Owl Missed The Man Who Saved Her So Much She Couldn’t Stop Hugging Him
Digging into the Great Pacific Garbage Patch
Touching moment swan hugs man who saved its life in remarkable show of gratitude
11 Unbelievable Human-Animal Bonds
For copyright matters please contact us at: email@example.com
Cameras Catch Family Cat Taking on Dog That Bit Boy News
Midway Island, North Pacific Ocean, Unbelievable !
Published on Jun 9, 2012
Original Content Courtesy of: Plastic Paradise
Find out how to watch the entire film or host a screening at:
Our earth is covered by more than 75 percent water, yet we know more about the moon than the depths of the sea. Today on World Oceans Day we celebrate and honor oceans by recognizing the underwater footprint we all unknowingly leave behind.
When it comes to plastic, what you throw away doesn’t really go away. This was evident on my journey to one of the most remote ends of the earth – the Midway Atoll.
This small piece of land in the middle of the Pacific Ocean near the northwestern end of the Hawaiian archipelago was one of the most beautiful places I have ever been to, and should have been the most pristine. There are no cars, streets, lights or air pollution, yet I couldn’t escape the remnants of modern society littered everywhere in the form of plastic.
I had heard about this “island of garbage” in 2005 and was immediately intrigued. As a surfer, scuba diver and ocean lover, the ocean has always been an integral part of my life.
What started out as research for a short segment for a show I was working on, morphed into an arduous 7-year journey to investigate and unveil the story behind this plastic paradise known as the Great Pacific Garbage Patch.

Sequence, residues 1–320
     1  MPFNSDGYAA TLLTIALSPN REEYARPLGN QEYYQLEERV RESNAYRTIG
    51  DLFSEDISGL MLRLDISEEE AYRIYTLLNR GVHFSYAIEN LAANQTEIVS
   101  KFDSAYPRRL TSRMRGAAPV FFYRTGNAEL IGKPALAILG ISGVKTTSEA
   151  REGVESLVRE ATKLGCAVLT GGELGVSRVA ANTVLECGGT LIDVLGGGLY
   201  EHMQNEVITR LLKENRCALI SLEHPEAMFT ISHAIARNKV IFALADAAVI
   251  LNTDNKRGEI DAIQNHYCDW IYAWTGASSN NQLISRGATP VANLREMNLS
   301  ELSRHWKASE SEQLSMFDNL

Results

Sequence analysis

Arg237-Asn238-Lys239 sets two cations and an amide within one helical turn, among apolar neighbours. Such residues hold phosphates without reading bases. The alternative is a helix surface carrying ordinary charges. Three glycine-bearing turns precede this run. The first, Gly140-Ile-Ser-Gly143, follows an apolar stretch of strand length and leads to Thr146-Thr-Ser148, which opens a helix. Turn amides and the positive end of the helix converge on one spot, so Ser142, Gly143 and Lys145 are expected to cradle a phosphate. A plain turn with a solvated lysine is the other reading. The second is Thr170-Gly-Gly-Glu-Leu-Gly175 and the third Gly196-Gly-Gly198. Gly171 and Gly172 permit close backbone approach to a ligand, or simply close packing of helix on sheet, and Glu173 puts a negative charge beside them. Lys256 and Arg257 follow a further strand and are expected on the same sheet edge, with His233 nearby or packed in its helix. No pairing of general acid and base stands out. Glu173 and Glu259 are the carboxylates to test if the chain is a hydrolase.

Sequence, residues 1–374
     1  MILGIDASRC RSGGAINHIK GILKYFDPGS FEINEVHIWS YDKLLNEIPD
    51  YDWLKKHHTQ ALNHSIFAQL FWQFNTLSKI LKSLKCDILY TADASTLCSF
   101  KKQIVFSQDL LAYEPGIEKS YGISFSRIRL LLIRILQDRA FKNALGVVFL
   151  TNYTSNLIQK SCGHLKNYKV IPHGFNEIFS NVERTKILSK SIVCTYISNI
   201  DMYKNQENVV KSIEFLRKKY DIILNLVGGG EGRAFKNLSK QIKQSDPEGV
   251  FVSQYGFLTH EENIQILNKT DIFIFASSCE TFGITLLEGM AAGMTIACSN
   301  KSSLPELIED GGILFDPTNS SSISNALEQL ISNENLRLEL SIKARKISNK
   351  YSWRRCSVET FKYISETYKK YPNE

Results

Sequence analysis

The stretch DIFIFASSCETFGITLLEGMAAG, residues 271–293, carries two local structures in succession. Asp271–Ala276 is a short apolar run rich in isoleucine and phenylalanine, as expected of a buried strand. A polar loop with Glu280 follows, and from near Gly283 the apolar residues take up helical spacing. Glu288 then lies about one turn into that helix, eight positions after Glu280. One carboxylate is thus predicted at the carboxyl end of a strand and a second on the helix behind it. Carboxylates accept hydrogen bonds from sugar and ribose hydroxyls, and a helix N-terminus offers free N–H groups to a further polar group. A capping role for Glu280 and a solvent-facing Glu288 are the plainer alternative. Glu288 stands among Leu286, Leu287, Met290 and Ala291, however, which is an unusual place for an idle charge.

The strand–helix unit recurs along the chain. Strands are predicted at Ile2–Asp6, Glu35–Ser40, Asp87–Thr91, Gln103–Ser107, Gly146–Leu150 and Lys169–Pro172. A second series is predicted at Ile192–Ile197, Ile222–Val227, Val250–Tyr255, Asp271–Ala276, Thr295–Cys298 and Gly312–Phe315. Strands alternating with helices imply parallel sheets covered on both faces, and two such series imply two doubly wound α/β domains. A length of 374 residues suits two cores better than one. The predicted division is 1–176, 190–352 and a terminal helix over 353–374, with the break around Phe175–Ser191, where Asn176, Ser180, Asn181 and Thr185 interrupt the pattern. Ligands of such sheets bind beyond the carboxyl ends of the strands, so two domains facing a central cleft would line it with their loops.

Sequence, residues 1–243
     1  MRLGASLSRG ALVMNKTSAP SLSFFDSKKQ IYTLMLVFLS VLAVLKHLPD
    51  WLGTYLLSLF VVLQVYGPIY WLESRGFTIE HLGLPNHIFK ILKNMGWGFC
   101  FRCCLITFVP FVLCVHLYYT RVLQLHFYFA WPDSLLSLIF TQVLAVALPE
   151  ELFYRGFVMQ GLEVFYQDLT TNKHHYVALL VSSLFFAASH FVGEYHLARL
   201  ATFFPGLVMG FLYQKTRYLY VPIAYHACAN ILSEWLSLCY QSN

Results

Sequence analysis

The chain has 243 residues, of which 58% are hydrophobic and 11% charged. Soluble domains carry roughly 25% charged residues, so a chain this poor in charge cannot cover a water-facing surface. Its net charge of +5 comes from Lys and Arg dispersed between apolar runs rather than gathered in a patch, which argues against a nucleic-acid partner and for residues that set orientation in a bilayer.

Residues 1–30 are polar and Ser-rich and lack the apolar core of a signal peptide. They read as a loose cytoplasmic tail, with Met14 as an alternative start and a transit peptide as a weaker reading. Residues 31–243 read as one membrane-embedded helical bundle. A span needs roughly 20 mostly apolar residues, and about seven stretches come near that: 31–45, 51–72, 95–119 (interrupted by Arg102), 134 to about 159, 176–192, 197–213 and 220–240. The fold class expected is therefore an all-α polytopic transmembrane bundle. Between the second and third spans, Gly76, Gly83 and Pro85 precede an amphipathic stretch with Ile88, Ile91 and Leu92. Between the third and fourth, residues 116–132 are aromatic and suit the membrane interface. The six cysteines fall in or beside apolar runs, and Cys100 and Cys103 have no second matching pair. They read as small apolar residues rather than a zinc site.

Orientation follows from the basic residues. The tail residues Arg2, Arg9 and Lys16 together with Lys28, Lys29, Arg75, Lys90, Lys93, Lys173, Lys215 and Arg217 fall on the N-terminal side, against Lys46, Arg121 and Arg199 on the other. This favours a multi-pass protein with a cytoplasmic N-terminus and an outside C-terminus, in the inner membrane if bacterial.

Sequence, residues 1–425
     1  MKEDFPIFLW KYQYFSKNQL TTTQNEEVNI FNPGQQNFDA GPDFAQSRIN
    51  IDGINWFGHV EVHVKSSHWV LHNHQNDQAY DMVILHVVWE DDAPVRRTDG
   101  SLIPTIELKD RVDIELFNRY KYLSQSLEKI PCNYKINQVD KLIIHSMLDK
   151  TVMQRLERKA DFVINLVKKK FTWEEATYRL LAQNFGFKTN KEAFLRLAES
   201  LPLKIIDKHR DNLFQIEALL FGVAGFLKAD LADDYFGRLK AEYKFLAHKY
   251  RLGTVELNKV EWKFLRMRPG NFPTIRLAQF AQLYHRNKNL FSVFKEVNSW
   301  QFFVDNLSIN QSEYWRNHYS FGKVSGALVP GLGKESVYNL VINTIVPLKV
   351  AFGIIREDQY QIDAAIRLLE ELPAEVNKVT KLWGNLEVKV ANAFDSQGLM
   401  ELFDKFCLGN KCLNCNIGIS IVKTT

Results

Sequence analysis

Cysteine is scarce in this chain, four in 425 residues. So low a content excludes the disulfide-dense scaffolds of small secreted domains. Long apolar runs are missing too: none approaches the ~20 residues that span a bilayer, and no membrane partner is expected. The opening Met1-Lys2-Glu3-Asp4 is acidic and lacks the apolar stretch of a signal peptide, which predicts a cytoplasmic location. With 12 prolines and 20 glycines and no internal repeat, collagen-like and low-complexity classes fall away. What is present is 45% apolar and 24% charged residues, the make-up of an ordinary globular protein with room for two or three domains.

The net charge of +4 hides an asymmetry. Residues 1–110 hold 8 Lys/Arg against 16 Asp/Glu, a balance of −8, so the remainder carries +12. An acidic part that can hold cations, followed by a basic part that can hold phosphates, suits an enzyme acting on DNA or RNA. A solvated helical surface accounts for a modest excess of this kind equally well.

At the dawn of the 20th century, scientists invented synthetic plastics as a replacement for raw materials. Plastic production grew more than 3,000 percent from 1927-1943. During the height of WWII, 85 percent of that production was devoted to war. This fantastic invention came in all shapes, sizes and materials such as nylon, cellophane, polyester, polystyrene, and methyl methacrylate, which are made to be durable and withstand the elements.
There are great uses for plastics but it’s the plastic products that are designed to be used once, but are made to last forever, that have become the main problem.
“The biggest landfill it turns out, is our oceans. We are just beginning to realize that,” says Lisa Kaas Boyle, an environmental lawyer and co-founder of the Plastic Pollution Coalition.
“The request is always for a picture of this island of garbage, but there is no such island, the debris is dispersed. We have gotten samples from the Indian Ocean, [and] the Atlantic,” says Captain Charles Moore of the Algalita Marine Research Organization who found the garbage patch in 1997 when he accidentally sailed through the area, “There’s plastic in all of these oceans.”
Because plastics are created from chemicals that are volatile in different environments, they will break down over long periods of time in the oceans through photo degradation, or exposure to the sun. The Scripps Institution of Oceanography at the University of California San Diego has found the proliferation of plastic pieces in our environment has infiltrated our oceans at an alarmingly rapid rate.
Its latest study estimates the amount of particles of “microplastic”— pieces of plastic smaller than 5 mm in diameter — has increased more than 100 times since the early 1970s. Last year its team found nearly 10 percent of fish in the area had eaten plastic.
“These ecosystems are very connected. If the oceans are in trouble, we humans are in trouble. We don’t realize that we are threatening our own existence,” says Dr. Gregor Hodgson, founder and executive director of Reef Check Organization.